Realistically, my Hip-Hop music growth expectations were not and are not based on harmonic pipe dreams, in fact, quite the opposite. As I grew up, I became more aware, either through direct personal contact or fact based information, that a huge portion of the Hip-Hop music community: the producers, singers and fans are on the DL (down low/ secretly Gay) and the rewards for their behavior (luxury, fame) is costing the LGBQT community lives. The more hate you perpetrate, the more hate you create. Hate is a form of expression that can often times signify fear and ignorance of the unknown and, in this case, Hip-Hop music includes fear of the yet to be revealed.
If Hip-Hop hadn’t chosen to “Skip class” over the years, when it comes to basic respect for humanity, it would be a simple case of live and let live.
As it should be in the case with Frank Ocean and the hundreds, maybe thousands of Out and Proud LGBQT Hip Hop/R & B music performers and professionals who are stepping into the spotlight.
To the still largely closeted LGBQT / Anti -Gay Hip-Hop community- I say “grow up”. Don’t carry the hate weight of your musical forefathers. Expand yourself and instead of being the snarling dog viciously guarding the revenue food bowl- look around you.
Your Hip Hop/R& B music family is growing.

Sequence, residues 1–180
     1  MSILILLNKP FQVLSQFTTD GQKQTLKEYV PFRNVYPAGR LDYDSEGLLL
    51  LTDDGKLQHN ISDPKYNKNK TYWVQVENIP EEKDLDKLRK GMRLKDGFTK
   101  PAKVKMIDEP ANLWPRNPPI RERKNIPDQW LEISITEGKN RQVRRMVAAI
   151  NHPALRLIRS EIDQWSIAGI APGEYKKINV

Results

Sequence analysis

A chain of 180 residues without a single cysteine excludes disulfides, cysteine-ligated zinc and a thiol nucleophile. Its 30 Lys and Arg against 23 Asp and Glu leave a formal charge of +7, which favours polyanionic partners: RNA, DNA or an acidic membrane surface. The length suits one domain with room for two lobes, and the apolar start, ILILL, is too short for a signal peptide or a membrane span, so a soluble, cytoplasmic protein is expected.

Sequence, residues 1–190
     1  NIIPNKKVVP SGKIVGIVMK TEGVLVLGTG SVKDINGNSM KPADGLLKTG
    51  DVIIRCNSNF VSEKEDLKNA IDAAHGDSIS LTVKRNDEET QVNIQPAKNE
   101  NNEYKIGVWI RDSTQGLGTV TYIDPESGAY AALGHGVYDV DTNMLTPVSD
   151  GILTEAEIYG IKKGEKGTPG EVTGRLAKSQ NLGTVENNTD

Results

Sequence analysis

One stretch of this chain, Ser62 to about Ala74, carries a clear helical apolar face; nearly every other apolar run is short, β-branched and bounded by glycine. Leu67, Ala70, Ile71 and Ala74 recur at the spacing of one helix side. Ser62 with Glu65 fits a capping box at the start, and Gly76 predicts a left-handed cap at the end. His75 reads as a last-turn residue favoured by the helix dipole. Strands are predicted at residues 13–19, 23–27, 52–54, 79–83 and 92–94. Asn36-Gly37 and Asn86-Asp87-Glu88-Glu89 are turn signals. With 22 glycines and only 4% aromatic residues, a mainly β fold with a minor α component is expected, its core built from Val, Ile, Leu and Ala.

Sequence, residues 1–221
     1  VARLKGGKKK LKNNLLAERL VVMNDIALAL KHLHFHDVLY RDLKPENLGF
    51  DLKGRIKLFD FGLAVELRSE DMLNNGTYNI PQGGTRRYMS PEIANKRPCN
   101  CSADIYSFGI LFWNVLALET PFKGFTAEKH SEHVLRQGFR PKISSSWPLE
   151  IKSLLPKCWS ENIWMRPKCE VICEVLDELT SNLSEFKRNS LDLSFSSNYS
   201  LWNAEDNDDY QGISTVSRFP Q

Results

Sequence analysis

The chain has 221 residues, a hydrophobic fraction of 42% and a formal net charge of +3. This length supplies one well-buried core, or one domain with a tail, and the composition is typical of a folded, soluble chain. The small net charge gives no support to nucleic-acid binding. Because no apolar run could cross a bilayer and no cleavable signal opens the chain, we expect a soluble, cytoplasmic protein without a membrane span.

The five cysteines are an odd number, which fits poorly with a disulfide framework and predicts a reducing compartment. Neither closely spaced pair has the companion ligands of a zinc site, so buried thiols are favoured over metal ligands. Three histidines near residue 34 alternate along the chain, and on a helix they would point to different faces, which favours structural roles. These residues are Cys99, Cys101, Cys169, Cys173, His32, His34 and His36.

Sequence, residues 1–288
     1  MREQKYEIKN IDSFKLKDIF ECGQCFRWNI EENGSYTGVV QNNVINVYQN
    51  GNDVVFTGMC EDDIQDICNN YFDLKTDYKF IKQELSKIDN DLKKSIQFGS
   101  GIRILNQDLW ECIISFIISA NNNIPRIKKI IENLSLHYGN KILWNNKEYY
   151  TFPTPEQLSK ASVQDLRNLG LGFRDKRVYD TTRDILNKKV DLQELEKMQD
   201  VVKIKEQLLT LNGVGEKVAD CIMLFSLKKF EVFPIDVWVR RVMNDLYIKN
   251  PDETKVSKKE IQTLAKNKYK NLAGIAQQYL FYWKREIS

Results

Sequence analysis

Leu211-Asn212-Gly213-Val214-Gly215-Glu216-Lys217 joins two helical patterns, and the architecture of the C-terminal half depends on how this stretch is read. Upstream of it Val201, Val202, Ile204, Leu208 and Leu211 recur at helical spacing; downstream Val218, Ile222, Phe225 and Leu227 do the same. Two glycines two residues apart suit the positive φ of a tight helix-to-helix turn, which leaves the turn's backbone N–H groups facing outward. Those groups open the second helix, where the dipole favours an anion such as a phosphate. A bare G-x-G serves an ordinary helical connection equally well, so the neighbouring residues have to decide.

Times have changed in 43 years; you can still guard your bowl (sell your music) without the attack. Embracing hatred has its cost. Intelligence beacons you to evolve.
Eventually as humanity continues to progress the idolatry and promotion of hate inspired music will weaken the Hip-Hop industry. In other words, if the Hip-Hop community, in particular the “No Homo Crew”, doesn’t self-reflect on the need to promote hate through music, one day they could be snarling over an empty bowl.
PHOTO:OPENLY GAY HIP HOP STAR DEADLEEE
LGBQT people are not the enemy of the Hip-Hop community (we too have been there working and performing since the beginning) hate and selfish ignorance is. Forty-three years later, after the birth of Hip-Hop, there is a new sub music culture on the rise – it’s called human rights. You really shouldn’t have to declare what you know yourself not to be.
Get rid of “NO -HOMO” and just do you.